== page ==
Illinois’ Congressional delegation is concerned that the U.S. Census may not get everyone when the agency tallies Illinois’ population next year.
Led by U.S. Senator Dick Durbin, Illinois’ Congressional delegation sent the director of the U.S. Census a letter asking about the agency's plan to centralize head counting efforts and rely more on phone calls and emails to get resident information than traditional methods, such as hiring local workers to knock on doors.
Durbin wrote in the letter that “local hiring efforts are imperative in understanding and building trust within hard-to-count communities, and they are more proficient in assisting their own community members to complete the Census questionnaire.”
Census officials have said earlier this year that the booming economy has made it difficult to find workers.
Anita Banerji, director of the democracy initiative at Forefront Illinois, said a lack of “boots on the ground” for the coming Census could mean undercounts of rural and minority residents, leading to less federal funding.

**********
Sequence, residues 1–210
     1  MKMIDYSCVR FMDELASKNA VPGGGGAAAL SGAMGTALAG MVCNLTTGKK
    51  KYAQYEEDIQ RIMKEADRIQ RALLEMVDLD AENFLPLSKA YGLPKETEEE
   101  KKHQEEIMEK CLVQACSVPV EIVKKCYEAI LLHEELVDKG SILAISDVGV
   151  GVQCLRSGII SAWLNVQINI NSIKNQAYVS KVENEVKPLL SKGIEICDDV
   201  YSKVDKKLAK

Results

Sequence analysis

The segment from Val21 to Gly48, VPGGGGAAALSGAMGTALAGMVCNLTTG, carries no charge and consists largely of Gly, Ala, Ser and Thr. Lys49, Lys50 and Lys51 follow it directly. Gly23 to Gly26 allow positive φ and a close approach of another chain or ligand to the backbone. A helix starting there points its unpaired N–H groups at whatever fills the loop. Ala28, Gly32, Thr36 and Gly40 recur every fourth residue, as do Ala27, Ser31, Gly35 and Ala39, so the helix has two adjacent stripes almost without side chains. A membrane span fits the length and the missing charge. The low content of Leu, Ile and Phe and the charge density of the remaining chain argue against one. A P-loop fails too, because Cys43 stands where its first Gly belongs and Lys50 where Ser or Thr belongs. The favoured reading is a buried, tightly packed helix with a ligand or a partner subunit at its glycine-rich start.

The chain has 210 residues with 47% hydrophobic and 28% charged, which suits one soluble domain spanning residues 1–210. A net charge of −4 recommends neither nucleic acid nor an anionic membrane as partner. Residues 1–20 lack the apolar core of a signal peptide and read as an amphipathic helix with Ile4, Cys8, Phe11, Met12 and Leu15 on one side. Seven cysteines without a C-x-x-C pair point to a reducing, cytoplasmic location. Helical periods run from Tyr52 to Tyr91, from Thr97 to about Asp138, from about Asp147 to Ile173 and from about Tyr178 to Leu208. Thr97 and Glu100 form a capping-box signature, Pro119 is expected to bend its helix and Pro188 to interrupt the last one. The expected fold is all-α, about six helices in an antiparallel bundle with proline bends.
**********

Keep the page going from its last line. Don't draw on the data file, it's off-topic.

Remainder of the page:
“Illinois is one of three states with the most to lose from an undercount, the reason being is that we’ve had considerable outmigration,” she said, adding that fewer face-to-face interactions would be “taking away that sense of person-to-person contact that I think is necessary in such a big roll-out.”
People may be skeptical of someone claiming to be with a government agency asking for personal information over the internet or phone because of widespread scams, Banjeri said.
This comes on the heels of a hard-fought legal battle over President Donald Trump’s effort to include a citizenship question on the Census, which was shot down by a federal court in Manhattan earlier this year.